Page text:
ITT: Principles of lifting that you have learned to be true over the years.
I'll start it off
>sleep 7 hours a night
>lift as much weight as you can
>lift with your spine
Bulking should be done slowly, getting fat so you can lift more isn't that fun.
Don't go to failure that often.
How you feel is a lie, I've often felt garbage when I stepped into the gym and then gotten a great workout.
Big weights are fun but most sets should be done with less then 90% of your max if you want to get stronger.
Doesn't matter. You can't really get that much global fatigue from curls so it doesn't really matter for recovery purposes how heavy you go. Pick a weight that you can do more than 5 reps with and stop one or two reps before failure.
-Cardio with proper nutrition will not really hurt your gains.
-sprints and interval training is based
-yoga does the mind and body a whole lot of good. It is also great for improving your mobility.
>-Cardio with proper nutrition will not really hurt your gains.
it definitely will, though it depends how much cardio you do and how advanced of a lifter you are. this idea that everything is fine as long as you replace the lost calories through diet is pretty naive.
>How you feel is a lie, I've often felt garbage when I stepped into the gym and then gotten a great workout.
I can personally attest to this one, last night I felt physically ill, but went to the gym anyway, and proceeded to set new PRs on squats and bench.
yeah you'd have to be doing near retarded amounts of cardio to kill gainz
>Big weights are fun but most sets should be done with less then 90% of your max if you want to get stronger.
disagree, you should plan your program with peaks of 90-100% in your routine (but the entire core of your program should be a lot of sets/reps with 80-90% to build strengh, tecniche and muscle)
lower the rep range and add more sets
>two days after heavy squat day is your clean or snatch day. Those front/oh lighter squats will do wonders for your recovery.
>bench will hurt your shoulders bad in the long run. If you're not into PL be wise and stop it before some little pains become a serious inkury.
>to press more do it more often.
>to squat or deadlift more do it less often. Allow time for good recovering.
>Louie Simmons approach is the best for strenght gains in the long run if you're not interested in peaking for a comp. Max effort/rep and speed work/conditioning.
>to ohp more press tighter faster and get under the bar aggressively.
>don't ego lift. ever.
you must lurk moar but yes, @90% is the 90% of your 1RM but remember, you won't get an accurate 1RM being a novice or intermediate lifter so use the max weight you can use to do a COMPLETE rep on the main lifts (no 1/4 squats for example)
Rather than needing a perfect program what really brings the gains is training with intensity (not training intensity).
Even with a mediocre program if you work your arse off and really push yourself you'll make excellent progress and you'll learn to autoregulate along the way.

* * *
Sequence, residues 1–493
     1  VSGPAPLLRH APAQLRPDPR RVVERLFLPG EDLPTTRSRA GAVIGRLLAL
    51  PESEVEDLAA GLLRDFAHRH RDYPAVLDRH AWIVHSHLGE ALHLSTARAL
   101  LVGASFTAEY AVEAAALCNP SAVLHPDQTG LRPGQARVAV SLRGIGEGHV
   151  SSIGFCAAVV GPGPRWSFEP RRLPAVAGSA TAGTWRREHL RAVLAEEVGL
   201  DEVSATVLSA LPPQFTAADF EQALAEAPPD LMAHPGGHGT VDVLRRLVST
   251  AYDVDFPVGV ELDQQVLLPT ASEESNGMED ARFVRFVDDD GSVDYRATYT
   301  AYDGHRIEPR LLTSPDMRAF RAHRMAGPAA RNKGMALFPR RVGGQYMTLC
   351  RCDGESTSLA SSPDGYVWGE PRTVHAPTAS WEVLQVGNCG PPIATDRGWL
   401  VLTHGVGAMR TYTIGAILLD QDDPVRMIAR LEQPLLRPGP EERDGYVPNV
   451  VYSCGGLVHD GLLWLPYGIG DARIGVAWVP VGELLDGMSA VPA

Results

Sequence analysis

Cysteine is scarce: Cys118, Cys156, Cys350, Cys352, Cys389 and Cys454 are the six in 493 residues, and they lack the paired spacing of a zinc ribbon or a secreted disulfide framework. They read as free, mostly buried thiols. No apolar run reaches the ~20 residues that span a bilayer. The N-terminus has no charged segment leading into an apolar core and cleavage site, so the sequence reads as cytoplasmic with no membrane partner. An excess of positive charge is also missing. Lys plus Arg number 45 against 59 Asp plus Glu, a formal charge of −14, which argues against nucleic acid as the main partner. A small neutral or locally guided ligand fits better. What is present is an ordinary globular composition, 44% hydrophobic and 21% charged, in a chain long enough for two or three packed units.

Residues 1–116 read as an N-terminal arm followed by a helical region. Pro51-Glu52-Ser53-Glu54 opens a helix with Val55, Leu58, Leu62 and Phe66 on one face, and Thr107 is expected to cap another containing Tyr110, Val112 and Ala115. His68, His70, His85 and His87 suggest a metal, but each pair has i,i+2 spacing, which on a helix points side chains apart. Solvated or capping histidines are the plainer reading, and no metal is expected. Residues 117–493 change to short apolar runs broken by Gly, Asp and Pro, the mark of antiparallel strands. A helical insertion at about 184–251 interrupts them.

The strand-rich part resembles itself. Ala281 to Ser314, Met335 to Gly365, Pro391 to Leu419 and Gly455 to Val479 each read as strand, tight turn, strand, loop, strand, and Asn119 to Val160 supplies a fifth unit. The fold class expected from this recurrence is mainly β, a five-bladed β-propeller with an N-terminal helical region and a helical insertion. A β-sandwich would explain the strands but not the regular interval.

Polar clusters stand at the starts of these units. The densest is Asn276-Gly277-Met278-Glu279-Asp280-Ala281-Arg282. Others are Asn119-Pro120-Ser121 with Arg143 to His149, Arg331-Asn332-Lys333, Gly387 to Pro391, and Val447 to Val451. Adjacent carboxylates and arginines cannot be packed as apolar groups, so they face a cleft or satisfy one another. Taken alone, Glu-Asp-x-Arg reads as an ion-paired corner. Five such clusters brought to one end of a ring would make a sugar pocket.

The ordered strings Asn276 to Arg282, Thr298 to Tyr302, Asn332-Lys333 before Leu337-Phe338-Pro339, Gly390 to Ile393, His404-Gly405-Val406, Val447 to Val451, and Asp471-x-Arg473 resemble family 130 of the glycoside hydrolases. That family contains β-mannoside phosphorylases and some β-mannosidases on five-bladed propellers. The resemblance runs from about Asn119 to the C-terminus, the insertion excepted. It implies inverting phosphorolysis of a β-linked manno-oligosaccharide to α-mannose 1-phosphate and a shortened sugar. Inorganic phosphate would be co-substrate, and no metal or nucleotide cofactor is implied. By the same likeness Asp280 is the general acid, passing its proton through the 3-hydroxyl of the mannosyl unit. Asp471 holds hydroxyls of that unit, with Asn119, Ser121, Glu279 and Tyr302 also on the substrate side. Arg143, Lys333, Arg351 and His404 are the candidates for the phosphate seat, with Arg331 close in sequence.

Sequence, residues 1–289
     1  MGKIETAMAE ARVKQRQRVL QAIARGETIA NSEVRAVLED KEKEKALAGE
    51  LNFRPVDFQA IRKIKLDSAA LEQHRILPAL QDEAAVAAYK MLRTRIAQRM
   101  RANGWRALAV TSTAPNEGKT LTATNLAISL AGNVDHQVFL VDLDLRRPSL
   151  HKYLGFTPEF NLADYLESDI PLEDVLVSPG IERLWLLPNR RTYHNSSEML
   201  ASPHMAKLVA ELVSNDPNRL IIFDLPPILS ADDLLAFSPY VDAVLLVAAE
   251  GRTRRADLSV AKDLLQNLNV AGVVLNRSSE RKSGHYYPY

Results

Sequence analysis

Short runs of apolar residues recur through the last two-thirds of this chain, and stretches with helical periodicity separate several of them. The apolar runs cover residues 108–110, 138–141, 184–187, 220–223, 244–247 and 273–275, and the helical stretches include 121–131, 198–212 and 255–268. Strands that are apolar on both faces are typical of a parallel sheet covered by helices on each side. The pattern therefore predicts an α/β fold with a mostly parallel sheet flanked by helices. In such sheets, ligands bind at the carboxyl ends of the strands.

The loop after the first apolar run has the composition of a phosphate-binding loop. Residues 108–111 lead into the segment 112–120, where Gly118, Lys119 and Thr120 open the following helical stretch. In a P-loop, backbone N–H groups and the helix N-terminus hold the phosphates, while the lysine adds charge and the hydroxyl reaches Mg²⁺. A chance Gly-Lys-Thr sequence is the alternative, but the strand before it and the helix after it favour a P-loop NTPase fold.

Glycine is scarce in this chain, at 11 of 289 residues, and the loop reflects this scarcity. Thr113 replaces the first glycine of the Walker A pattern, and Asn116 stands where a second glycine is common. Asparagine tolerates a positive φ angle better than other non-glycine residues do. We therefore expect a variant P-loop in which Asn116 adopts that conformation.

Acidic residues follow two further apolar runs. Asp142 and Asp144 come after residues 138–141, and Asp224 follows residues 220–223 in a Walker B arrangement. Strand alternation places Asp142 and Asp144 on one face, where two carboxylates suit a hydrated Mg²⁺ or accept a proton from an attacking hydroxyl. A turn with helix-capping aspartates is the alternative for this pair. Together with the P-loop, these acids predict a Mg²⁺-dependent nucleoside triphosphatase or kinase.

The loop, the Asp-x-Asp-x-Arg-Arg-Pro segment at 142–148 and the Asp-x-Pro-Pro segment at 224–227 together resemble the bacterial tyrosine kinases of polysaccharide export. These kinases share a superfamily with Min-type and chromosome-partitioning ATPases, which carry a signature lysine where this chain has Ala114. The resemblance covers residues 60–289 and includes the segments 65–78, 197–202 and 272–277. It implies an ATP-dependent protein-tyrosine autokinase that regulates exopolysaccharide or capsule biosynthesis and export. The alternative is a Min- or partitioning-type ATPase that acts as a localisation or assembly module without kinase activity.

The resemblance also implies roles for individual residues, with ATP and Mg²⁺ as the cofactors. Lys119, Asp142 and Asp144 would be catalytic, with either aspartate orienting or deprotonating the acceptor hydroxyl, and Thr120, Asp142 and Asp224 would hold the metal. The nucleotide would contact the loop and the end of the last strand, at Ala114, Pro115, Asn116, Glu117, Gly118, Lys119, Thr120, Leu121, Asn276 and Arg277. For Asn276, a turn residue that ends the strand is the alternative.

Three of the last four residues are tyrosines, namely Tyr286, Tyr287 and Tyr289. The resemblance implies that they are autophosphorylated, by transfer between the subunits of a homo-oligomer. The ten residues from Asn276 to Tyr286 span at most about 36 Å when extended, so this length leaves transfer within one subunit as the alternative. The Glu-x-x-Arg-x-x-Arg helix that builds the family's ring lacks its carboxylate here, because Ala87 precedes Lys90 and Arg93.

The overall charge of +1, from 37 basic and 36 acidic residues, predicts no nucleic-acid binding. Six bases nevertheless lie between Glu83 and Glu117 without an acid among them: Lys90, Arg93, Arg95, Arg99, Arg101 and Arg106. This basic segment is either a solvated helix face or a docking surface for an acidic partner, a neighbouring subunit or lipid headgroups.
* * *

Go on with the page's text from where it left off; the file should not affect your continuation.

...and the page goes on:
Advanced lifters should periodise to keep making progress.
But most people are over complicating things by changing volume and frequency etc within a single workout.
Most lifters will never see the benefit of the complex programming exercise science says is optimal. Only pro athletes will as 1-2% makes a difference to them.
1. Dirty bulking is counter-productive and fundamentally bad for your health.
2. Change your routine often, keep your body guessing. Personally I never keep the same routine for more than a fortnight.
3. The appropriate frequency for trying to exceed your 1 RM is every 6-8 weeks. People try to do this WAY too often.
4. Cardio doesn't kill gains if you know how to eat properly. Cardio is good.
5. Hip flexors are the most misunderstood muscle group, considering how important they are.
6. Crossfit is garbage, but it sells.
2.just because your noob gains can hop bodybuilding com programs and keep building doesn't mean that's the norm
3. I agree most do it too often, but unless you're advanced, 4 weeks with periodization should be ample.
4.this is your only true statement
5.the most efficient squat should rely almost completely on the quads, flutes, and hams. Not the hip flexors. But yes, no one understands them and I'm glad you learnt us all real good on the subject.
6. Crossfit has its place. What's garbage is the diet and targeting novices to get sucked in.
There is no point cheating with bad form
You'll end up with an injury, then because you're so used to lifting with bad form, you'll just keep injuring yourself the same way
To get past injury, eventually you'll have to try to learn proper form and you'll be starting from the bottom again. May as well start there now.
7 hours of sleep is a meme, also you can NOT train your body to need less sleep.
The human body needs anywhere from 6-10 hours of sleep depending 100% ON GENETICS. It is fucking hard wired in your DNA how much sleep you need.
How do you find out how much sleep you need?
Go to bed so you can get 10 hours of sleep each night for a week, doesn't matter when you wake up just make it so if your body will sleep for 10 hours at night, it can. On the eighth day see how many hours you slept for before your body wakes up, this is probably what your genetic need for sleep is.
Just go to failure once on the last set. There is 0 reason to cheat on a rep you think you might fail on, look forward to failing on that rep, and keep the strict form to get the failure over with asap.